Of Coffee and Religion
December 6, 2012 § 2 Comments
One day a woman was walking to work when she saw a man drinking coffee. The woman was absolutely scandalized. She went right up to the man and demanded, “Excuse me, but what do you think you’re doing?”
The man blinked and said, “Drinking coffee?”
“Exactly,” the woman said. “That is incredibly offensive to me and I need you to stop right this instant.”
“I – I don’t understand,” the man said.
“You see,” the woman told the man, “drinking coffee is against my religious beliefs. My religion forbids drinking coffee. That’s why I am so offended and horrified.”
The coffee-drinker stared at the woman, confused. “I’m so sorry that you took offense at my drinking coffee, but I still don’t understand what this has to do with me,” he said, frowning.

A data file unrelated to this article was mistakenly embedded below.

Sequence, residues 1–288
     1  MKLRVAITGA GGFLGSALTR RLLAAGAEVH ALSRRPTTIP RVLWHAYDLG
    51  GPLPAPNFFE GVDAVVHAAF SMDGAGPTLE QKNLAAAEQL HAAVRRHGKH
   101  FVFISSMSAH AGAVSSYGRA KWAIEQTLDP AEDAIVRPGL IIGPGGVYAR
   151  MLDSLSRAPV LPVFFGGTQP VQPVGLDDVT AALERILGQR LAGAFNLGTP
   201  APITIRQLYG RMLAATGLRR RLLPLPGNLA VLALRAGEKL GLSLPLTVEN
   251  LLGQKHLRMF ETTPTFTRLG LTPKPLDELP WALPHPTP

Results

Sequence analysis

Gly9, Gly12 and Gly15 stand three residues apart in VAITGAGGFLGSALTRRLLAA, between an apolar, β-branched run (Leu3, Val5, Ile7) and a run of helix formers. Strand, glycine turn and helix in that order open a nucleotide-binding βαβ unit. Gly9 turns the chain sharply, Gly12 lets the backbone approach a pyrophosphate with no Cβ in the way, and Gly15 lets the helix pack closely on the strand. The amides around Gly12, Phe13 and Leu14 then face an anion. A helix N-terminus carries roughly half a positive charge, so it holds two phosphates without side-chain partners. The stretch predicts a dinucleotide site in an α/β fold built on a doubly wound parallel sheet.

“You are violating my religious beliefs when you drink that coffee,” the woman said. “This is America, and we have freedom of religion here. You are not allowed to drink that coffee because that is against my religious freedom.”
The man looked bewildered. “Well,” he said, “I’m sorry if my drinking coffee is offensive to you, ma’am, but you are not allowed to impose your religious beliefs on me and call it your rights.”
“No, no, you don’t understand,” the woman replied. “My religious book – the doctrine that expressively forbids coffee drinking – is here, and I am going to quote it to you so you can see just how wrong it is.”
“That’s all well and fine,” the coffee-drinker told her, “but that is your book that guides your religion and your life. But I don’t belong to that religion, and so it does not run my life. Sorry.”
“So!” the woman said, “You drink that coffee because you hate my people and want to start a war on my religion?”
“No,” the man said, “I drink this coffee because this is America, and I have freedom of religion, too.”
And so the man went on his way, leaving the angry woman behind. And he drank his coffee because he lived in America and he had freedom of religion, too.